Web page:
Now that the winter’s in full swing, you’re probably realizing that you’re going to need to sport some serious cold-weather fashion. You’re tired of the same worn-down jacket that you’ve had for years and doesn’t even keep you warm. If you’re ready to look your best and stay as warm as possible for the next few months, this men’s NJ winter style guide is your best friend.
Keep Warm with Winter Coats and Jackets
Staying warm and looking good in the wintertime calls for having a quality coat in your wardrobe. You seriously can’t make it through the winter without one. You can’t go wrong with on-trend coats from high-end brands like Ted Baker, Canali and Sanyo. These labels have winter coats in all of this season’s hottest colors, from cashmere overcoats to camel trench coats and polished parkas in burgundy. If you really want to stand out, a leather motorcycle jacket or Sherpa collared leather jacket from Gimo’s is the move. If you really want to stand out, a leather motorcycle jacket or Sherpa collared leather jacket from Gimo’s is the move.
When it comes to the perfect winter jacket, don’t settle for anything less than you deserve, especially when it comes to the fit of your coat. A tailor can help customize your coat so that it fits you like a glove. You’ll never want to take it off.
Accessorize for the Winter
Not only can the right accessories complete any outfit, but they can also provide some extra warmth that you know you’re going to need this winter. You should always keep a pair of leather gloves as a staple accessory piece in your winter wardrobe, since everyone knows that just keeping your hands in your pockets won’t do the trick. Well-crafted pairs of gloves from renowned brands, such as Hestra Gloves, can make all the difference. Hestra Gloves even has hand-sewn sheepskin mitts with a lambskin lining if you really want to stay warm and stylish. You can also go for a sporty pair of black elk leather gloves with knitted wool terry lining for a super sleek look.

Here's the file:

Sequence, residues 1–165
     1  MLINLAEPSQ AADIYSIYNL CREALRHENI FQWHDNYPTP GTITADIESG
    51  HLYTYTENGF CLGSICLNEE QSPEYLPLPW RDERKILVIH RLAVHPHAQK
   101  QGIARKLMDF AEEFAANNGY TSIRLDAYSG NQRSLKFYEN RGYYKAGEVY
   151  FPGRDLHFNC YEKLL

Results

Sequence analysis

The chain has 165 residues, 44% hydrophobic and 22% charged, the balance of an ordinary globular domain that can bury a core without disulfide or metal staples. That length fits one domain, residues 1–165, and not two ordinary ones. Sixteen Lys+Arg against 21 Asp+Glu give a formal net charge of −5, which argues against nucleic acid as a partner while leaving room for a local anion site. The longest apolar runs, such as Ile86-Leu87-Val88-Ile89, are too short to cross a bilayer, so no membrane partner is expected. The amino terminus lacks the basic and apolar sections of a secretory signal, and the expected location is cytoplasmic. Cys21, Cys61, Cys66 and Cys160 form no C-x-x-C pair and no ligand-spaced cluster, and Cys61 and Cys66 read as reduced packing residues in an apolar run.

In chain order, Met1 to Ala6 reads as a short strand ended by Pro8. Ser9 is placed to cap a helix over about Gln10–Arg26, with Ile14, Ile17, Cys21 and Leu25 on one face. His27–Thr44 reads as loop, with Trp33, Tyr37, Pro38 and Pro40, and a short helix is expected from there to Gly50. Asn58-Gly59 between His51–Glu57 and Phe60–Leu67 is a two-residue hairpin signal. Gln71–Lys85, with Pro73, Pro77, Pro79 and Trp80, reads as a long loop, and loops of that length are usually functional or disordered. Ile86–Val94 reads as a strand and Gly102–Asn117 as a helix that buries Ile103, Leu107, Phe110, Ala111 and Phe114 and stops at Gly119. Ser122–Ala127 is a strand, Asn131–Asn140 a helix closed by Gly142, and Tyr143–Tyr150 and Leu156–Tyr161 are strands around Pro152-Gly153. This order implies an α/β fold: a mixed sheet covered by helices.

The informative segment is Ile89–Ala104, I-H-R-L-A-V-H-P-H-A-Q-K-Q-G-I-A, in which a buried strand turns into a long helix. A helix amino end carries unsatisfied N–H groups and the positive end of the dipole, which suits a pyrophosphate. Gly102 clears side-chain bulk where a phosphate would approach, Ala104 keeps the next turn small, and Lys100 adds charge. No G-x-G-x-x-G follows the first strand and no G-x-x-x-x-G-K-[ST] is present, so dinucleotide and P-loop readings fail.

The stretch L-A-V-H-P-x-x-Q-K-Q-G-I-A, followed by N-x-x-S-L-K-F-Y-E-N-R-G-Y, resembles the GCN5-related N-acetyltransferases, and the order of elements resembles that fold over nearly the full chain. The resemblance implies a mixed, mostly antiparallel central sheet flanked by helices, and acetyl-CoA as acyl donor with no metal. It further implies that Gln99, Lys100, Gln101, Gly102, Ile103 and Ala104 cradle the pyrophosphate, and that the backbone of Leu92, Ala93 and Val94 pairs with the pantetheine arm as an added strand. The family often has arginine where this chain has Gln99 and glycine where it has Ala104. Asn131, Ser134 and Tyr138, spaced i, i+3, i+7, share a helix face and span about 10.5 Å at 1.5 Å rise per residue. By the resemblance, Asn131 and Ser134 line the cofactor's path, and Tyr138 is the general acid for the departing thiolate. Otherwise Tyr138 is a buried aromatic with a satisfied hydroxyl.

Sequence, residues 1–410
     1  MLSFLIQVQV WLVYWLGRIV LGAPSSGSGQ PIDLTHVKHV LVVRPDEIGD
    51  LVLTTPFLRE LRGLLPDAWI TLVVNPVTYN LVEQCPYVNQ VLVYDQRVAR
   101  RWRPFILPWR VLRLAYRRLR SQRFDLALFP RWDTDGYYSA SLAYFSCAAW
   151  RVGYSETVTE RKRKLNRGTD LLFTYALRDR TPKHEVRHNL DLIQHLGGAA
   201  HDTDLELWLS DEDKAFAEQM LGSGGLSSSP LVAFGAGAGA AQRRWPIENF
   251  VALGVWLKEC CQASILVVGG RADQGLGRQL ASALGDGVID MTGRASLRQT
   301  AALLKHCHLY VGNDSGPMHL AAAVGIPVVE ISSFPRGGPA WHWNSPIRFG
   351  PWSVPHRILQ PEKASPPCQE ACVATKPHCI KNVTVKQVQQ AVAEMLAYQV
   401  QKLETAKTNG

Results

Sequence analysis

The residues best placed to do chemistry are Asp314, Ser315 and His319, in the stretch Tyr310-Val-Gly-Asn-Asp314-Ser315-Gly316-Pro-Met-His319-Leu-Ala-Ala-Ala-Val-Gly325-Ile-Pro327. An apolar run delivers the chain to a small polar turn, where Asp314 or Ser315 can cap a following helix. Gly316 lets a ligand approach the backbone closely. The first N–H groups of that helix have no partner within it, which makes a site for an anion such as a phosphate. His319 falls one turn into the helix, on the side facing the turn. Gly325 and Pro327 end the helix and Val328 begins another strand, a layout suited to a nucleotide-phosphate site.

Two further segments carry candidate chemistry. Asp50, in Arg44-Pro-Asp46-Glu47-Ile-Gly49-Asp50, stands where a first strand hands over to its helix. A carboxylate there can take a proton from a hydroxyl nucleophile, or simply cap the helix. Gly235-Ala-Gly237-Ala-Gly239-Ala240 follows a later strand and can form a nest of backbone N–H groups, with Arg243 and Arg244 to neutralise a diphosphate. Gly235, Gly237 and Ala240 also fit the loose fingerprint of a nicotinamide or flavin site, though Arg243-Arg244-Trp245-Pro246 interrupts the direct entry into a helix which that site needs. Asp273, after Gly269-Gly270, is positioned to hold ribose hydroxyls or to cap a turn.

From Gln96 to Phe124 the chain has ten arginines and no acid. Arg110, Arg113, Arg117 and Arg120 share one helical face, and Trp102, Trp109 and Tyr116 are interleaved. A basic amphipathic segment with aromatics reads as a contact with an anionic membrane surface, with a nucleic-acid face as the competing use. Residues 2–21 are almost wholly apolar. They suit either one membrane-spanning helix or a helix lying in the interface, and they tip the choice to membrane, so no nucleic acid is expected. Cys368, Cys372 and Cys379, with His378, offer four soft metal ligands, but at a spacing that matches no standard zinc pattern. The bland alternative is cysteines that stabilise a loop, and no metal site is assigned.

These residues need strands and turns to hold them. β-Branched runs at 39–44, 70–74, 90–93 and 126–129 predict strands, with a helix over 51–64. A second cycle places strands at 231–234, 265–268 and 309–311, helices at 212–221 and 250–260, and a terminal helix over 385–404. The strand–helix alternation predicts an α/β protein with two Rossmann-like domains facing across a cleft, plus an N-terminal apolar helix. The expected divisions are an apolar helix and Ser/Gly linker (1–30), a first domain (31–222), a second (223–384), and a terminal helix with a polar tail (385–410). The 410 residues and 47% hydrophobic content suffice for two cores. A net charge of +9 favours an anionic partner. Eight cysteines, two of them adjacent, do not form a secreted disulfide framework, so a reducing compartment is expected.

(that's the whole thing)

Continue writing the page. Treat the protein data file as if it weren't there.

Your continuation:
Don’t forget about keeping the rest of your body warm, too! Socks and scarves are two of the top men’s style essentials for this winter in NJ. Dress socks made from Peruvian Pima cotton and a reversible stitch stripe scarf from brands like Hook&Albert and Edward Armah are your best bet for looking good and staying warm.
Wear a Wool Suit
Wintertime is full of special occasions, from festive holiday parties to fun nights out. That’s when a wool suit comes into play. Wool fabric is about as warm and as fashionable as you can get. Canali is a brand that offers so many options of wool suits to choose from. Canali’s wool Milano suit features a trendy checker pattern set against dark gray wool and is sure to be a hit at any event this winter in NJ. To complete the whole look, throw on a pair of monk strap boots from the high-end men’s shoes brand Santoni and get ready to turn some heads wherever you go.
Prepare to Layer
Having staple pieces in your wardrobe is key if you want to follow the advice of this men’s NJ winter style guide, and so is layering. Layering can be both functional and fashionable when you take trendy sweaters and pair them with solid-colored shirts. It’s a double win – you’ll make a fashion statement and make sure that you don’t get cold. Need some inspiration? Pair a navy blue Psycho Bunny sweater with a solid with a white long-sleeve t-shirt for a look that screams cool and casual. You can even switch it up by wearing a wearing a basic patterned crewneck or polo-collared long-sleeve shirt with a solid-colored sweater from a high-quality brand like Robert Graham.
Finish it all off with premium dark wash jeans from high-end brands, such as AG Jeans in a pair of trendy dad-style denim or 34 Heritage for a classic fit, and don’t forget about the shoes. Pair these pieces with high-end chukkas or suede ankle boots from brands like Cole Haan or Santoni.
With this men’s NJ winter style guide, looking great and staying warm this season is easy. Sometimes, all you need is a little help to point you in the right direction. Luckily, we’ve got you covered.